In this post Tom writes, "A lot of the time, however, price is not the only issue and it's merely being used as a smoke screen."
I couldn't agree more. Price often is not the heart of the issue but an indicator that something else is going on. Clients will use the price objection because it's a convenient excuse. Tom provides four excellent thoughts to help you get control of the price discussion. Check them out here.
I'd add a few more to his:
- Don't respond right away. Instead, get the prospect to talk more about the objection. Ask, "And what else is of concern?" This does a couple of things: first, it allows you to get all the objections out at once. By doing this you get a more complete picture of what's really going on and can respond accordingly. And second, it gives you some time to think about how you want to respond. It's our tendency to jump in right away, respond to the objection, and move on. But you need to take your time and get the prospect to talk more about it so you can get to the heart of the issue.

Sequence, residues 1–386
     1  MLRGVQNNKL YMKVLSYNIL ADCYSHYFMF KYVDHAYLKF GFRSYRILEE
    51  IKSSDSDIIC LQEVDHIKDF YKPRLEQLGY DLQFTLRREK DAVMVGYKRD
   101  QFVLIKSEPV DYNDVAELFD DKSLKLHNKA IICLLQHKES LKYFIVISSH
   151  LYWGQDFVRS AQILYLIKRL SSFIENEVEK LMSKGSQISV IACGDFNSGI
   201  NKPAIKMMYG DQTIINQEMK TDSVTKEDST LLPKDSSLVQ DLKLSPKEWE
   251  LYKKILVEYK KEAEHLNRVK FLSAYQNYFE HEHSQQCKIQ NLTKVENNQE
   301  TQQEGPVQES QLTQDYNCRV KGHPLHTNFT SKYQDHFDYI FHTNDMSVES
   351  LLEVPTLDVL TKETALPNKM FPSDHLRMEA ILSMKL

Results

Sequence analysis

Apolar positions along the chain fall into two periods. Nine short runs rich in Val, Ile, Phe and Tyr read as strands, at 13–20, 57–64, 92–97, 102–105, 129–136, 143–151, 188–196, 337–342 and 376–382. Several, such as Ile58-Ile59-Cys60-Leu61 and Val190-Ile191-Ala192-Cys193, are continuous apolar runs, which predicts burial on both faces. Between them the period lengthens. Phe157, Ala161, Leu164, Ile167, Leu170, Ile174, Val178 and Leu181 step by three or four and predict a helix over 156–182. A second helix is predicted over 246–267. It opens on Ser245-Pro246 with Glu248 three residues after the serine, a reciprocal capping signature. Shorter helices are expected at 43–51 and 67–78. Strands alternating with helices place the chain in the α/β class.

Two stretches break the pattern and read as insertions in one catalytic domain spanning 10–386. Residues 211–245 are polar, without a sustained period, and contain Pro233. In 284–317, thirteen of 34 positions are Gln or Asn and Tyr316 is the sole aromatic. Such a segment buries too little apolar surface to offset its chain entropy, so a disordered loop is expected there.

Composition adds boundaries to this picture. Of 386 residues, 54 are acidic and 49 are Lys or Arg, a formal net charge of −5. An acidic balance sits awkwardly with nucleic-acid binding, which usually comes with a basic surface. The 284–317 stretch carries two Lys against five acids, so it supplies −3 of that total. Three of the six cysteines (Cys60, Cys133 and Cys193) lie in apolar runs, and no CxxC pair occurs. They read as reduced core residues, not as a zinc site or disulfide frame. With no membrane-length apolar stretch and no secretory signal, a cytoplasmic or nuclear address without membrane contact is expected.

- Don't introduce price too early in the conversation. Price objections often come when you give the price too soon. Before you can talk about price in the sales process, you have to get the prospect to see the value and get them to articulate the value of the solution. When you share the price too early in the conversation you lose control. You move into the negotiation phase where all conversations going forward are going to focus around price instead of value and outcomes.
- Focus on selling the value. When you get a price objection, you haven't done a good enough job of selling the value. Go back to the prospect's needs and goals. Get them to articulate what the solution is worth to them. When you get the prospect to see the value of the solution and you put it in financial terms, you get much less resistance on the price.
The next time you get a price objection, keep these tips in mind and let us know how it goes in the comments of this post. We'd love to hear your stories and how you're dealing with the dreaded price objection.